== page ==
Saturday, August 22, 2009
My friends in the restaurant industry--few in number but widespread in geography, experience and business-type—are all in the same lifeboat, a vessel which is taking on a lot of water but miraculously not sinking. We chefs are a resilient bunch, accustomed to cuts, burns, violence, anxiety, palpitations, muscle pain and—worst of all—ego-stomping criticism. So it is no surprise that, in this epoch of econoclimatic stress disorder we continue to endure, my friends have sought out supplementary income and contingency plans, some of them consulting, others taking on prep work or catering or—let’s face it—whatever it takes to pay the bills. Still, their grievances can’t measure up to the farmers who have faced months of nonstop rain, wildly fluctuating temperatures, blight, and—in some cases—total crop loss.
I am not writing this blog to whine on my own or anyone else’s behalf, as reflexive and therapeutic as that is for me, but rather to describe my one day off, a relatively cloudless and hot Tuesday in August. I am no Joyce, alas, or even a Leo Bloom for that matter, but I thought this day-in-a-life was worth capturing for those readers who imagine a chef’s “day off” to be something more glamorous. Here goes…
Of course, The Plan—hereafter referred to as “Farm Day”--was doomed to backfire from the get-go. I proceeded anyway, in part because I too harbor visions of a small farm on our property (as long as someone other than I milks, slops, shovels, herds and otherwise cares for the menagerie). Seemingly ignorant to this eventuality, I doggedly forged ahead with Farm Day, the idea of which involved getting up with the sun and piling in the car to the nearest working dairy farm, where our groggy kids would witness the laborious process of milking and then be utterly disgusted by a stableful of pig plop.
FARM DAY: 5:30 AM
So it was on August 4th, a Tuesday, my day of rest. So it also was, incidentally, on Wednesday, August 5th, Thursday, August 6th, and so on ads infinitum and nauseam.
On this special day, however, I managed to rally with a forced smile, as my excited children responded to their “call to farms” efficiently and without complaint, much to my amazement and chagrin.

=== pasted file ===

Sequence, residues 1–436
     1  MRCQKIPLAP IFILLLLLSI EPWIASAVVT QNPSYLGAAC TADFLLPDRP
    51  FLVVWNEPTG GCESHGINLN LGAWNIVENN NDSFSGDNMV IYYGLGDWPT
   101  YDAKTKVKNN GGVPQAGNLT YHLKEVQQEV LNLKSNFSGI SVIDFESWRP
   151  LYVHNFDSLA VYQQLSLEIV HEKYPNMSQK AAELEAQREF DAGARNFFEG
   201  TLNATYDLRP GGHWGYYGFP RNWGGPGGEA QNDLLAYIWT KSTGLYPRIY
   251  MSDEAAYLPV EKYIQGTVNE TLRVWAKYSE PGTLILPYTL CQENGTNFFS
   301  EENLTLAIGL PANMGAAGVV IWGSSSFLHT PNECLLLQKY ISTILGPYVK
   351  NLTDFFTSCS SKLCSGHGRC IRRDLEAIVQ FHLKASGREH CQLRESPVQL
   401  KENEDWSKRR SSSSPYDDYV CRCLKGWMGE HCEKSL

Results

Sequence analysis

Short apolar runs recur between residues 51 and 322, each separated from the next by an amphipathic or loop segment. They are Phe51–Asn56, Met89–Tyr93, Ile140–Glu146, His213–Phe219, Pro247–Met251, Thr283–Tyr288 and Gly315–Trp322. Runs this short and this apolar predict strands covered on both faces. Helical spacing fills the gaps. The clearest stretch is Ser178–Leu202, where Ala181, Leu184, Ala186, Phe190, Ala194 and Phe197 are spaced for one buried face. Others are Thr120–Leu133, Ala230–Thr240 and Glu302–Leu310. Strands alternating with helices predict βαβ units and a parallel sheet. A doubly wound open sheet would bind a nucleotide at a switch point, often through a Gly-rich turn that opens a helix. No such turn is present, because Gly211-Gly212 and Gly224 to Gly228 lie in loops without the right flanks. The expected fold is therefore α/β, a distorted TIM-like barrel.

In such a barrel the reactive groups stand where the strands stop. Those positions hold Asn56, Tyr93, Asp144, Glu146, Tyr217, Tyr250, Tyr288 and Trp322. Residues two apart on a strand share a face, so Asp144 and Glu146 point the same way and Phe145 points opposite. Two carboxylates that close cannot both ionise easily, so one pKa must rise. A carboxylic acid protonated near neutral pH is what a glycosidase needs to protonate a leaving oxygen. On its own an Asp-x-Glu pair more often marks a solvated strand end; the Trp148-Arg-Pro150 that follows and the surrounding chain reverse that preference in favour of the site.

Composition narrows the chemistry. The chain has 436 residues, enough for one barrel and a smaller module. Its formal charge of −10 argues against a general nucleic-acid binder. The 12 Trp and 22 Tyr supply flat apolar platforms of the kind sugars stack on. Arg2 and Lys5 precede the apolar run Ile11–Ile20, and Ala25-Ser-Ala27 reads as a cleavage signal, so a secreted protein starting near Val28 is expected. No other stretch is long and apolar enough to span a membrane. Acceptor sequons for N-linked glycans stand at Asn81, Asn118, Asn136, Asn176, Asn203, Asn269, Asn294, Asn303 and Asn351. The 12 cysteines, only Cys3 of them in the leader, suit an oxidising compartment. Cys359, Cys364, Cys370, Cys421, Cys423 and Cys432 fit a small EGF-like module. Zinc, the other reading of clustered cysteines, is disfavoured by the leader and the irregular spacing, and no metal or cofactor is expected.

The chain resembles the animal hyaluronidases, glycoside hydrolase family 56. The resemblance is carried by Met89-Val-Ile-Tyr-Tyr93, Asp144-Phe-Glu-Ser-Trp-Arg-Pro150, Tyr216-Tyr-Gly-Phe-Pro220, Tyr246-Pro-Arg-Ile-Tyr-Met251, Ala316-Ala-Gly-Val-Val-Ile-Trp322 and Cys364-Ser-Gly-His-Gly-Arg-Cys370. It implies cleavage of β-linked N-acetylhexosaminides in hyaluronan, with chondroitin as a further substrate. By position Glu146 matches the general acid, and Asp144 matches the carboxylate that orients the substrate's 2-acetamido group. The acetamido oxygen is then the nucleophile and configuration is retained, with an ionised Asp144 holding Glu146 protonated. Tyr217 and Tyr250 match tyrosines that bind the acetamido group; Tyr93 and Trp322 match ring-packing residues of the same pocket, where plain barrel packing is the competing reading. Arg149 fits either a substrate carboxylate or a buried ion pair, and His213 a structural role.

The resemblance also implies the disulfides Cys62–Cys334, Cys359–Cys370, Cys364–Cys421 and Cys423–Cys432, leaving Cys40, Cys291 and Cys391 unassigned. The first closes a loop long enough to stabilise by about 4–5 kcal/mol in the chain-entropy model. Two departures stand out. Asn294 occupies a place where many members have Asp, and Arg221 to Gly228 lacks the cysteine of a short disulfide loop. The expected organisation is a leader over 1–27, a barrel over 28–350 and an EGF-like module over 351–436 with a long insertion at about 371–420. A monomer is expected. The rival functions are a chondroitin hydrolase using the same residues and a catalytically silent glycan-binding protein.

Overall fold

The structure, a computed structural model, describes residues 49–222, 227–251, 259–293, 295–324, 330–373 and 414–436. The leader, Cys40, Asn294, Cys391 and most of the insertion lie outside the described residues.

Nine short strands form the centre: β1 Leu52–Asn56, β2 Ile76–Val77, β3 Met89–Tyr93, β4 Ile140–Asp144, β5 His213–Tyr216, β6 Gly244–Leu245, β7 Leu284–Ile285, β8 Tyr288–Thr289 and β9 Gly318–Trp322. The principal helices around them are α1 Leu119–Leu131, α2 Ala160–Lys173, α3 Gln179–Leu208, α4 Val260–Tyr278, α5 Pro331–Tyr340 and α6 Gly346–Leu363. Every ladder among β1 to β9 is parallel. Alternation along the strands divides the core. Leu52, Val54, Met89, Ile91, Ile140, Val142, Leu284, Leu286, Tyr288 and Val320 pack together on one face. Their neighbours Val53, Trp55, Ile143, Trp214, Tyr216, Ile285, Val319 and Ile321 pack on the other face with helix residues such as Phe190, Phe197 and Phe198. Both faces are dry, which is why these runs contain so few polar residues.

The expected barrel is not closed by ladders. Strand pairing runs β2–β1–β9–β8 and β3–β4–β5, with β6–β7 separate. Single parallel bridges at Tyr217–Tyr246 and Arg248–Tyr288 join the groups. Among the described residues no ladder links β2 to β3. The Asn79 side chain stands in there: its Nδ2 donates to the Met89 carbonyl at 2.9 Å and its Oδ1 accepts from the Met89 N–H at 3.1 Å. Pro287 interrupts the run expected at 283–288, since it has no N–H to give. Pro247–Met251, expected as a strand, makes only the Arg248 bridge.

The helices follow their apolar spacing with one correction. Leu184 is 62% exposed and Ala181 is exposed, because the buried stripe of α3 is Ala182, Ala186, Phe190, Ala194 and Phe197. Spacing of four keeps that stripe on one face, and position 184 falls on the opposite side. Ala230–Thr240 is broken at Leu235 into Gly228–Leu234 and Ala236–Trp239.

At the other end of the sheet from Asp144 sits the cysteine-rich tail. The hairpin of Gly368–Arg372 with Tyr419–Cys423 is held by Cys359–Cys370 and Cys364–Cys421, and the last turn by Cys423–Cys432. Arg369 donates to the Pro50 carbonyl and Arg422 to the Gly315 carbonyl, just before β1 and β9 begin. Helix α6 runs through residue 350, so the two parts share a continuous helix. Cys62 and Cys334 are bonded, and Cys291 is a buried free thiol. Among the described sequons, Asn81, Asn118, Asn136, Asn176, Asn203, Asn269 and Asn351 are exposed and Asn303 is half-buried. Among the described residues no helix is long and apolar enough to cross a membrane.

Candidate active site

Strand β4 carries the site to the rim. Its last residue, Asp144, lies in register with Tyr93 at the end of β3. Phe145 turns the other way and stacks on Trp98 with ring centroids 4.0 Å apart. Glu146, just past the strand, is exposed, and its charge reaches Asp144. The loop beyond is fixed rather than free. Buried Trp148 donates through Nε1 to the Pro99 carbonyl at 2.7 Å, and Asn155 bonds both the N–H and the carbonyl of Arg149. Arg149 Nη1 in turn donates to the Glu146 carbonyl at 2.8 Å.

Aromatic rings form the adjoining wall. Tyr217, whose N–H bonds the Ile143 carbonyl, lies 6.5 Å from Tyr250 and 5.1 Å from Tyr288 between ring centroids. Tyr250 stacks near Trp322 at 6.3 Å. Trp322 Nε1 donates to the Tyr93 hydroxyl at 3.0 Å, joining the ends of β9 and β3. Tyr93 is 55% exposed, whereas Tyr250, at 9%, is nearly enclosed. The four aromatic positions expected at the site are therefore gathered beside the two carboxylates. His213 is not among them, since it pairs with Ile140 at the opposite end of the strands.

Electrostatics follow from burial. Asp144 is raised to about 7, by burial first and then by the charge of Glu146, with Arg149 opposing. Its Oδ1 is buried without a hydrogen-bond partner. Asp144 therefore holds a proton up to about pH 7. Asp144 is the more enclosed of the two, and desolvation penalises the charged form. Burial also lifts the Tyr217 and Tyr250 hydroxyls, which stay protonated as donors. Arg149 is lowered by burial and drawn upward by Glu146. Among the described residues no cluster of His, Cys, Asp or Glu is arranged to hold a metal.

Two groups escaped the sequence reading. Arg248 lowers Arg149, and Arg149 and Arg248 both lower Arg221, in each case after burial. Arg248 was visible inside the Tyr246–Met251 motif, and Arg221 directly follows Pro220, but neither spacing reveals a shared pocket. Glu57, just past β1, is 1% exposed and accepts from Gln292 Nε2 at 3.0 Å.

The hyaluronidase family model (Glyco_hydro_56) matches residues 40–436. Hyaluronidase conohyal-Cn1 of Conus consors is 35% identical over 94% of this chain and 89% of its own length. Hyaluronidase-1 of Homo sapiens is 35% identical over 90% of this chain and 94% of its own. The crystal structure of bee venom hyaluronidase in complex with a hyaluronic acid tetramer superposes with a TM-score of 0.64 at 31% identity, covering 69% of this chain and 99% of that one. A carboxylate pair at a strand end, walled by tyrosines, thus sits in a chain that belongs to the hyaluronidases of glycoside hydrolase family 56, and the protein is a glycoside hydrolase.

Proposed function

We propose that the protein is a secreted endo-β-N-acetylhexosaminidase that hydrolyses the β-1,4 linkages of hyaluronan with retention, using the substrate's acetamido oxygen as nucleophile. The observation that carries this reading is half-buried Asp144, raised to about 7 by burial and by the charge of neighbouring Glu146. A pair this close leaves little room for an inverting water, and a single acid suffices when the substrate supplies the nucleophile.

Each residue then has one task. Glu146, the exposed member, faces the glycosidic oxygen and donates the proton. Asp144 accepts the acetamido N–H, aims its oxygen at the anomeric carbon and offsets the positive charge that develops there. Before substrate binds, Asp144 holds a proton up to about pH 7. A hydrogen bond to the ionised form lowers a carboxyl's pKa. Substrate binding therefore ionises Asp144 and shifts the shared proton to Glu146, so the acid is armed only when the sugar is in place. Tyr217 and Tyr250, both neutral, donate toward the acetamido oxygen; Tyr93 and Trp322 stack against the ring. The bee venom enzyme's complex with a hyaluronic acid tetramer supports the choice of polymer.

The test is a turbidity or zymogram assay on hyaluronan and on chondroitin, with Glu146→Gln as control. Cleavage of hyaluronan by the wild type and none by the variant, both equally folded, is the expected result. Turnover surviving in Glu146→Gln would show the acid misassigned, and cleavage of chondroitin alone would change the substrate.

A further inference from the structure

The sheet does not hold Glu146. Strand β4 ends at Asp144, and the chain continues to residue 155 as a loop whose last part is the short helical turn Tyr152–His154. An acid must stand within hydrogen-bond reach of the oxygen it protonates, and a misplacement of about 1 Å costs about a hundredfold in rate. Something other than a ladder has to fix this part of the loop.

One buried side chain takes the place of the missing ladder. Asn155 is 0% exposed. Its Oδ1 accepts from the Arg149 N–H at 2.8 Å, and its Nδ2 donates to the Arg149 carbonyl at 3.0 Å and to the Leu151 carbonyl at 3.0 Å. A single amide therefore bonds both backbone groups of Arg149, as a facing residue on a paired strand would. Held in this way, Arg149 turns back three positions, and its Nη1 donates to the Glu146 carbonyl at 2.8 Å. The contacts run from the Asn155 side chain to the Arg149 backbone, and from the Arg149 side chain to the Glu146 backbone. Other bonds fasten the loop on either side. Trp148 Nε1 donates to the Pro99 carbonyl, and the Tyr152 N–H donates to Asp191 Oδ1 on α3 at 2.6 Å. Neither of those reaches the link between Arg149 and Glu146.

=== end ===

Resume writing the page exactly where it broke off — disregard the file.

Even Denise, after working a long double the day before, miraculously rose to the occasion and donned farmwear before the clock struck 6:00. At 6, after hurried efforts at a road breakfast, we scrambled out into the sunrise with no clear agenda and an almost palpable excitement.
Brookford Farm in Rollinsford is a friendly place, the kind of farm where we felt comfortable popping in unannounced as the sun crested over the Salmon Falls River, the cool grey light turning blue and warm in visible gradients before our eyes. Luke was there, corralling the cows into the concrete-and-steel sixpen built for high-octane milking. Certain hefty and headstrong heifers required full-body tackles and smacks to the haunches, which we watched with delight, offering help with the full knowledge that we had no idea how or where to jump in. We were reduced to voyeurism, as Luke turned on the suction pump and hooked up the cows to plastic lactoreceptors, which piped the fresh, raw, warm milk to a vast cistern in the adjacent room.
For those unfamiliar with Luke and Caterina Mahoneys’ arrangement, the youthful and happy farming couple lease the farm from an exceptionally benevolent and hard-working woman named Mrs. Aikens. Mrs. Aikens has owned the land and the structures on it for time immemorial, but Luke and Caterina have been farming there for the last few years. The operation has burgeoned in that time to thirty or so head of cattle, countless chickens, and a phalanx of hogs.
Luke seemed pleasantly surprised, but ultimately unfazed, by our arrival. We parted ways after the second load of bessies filled the pens. He apologized for his tacit nature, yet he volunteered plenty of farm hospitality and wisdom, and demonstrated the kind of efficiency only an expert can.
We moseyed over to the pig poke for slop time, and we were treated to a glorious feast of grains and groans. The pigsty looked and smelled just like a pigsty, which I was certain the kids would find repugnant beyond words. Naturally, The Plan--like all well-laid plans--had been destined to backfire, so I was not totally shocked to see my children walking right up to the sty and patting putrid (albeit incredibly cute) pig noses without holding their own noses even once. In fact, I moved on from the stench trench well before it even crossed the kids’ minds. Eventually, we all toured the grounds of Brookford Farm, including the free-range mobile poultry unit on the hill across the street, where all kinds of oviparous fowl played around a vehicle that was half wagon, half funhouse. Happy chickens, as we know, lay the most delicious eggs. (Since our fisher friend came and raided our henhouse at home, leaving a horror scene behind, we have only Trumpet left, a coppery black sexlink that only occasionally drops an egg.)
One of the best examples of how hard work and good soil are all you need to produce giant, delicious vegetables is Peter Allen’s plot in Mrs. Aiken’s field adjacent to Brookford Farm. This adjunct operation, sublet by the Mahoneys, has allowed Peter Allen, from whom I have sourced chickens for the Black Trumpet menu for a couple of years, to raise crops for a CSA that has helped finance some of his poultry costs. There is a lot of mutual backscratching that happens between farmers, just as we chefs share resources, including local pigs, purveyors and even staff. It ‘s the Hillarian village model working as it was intended.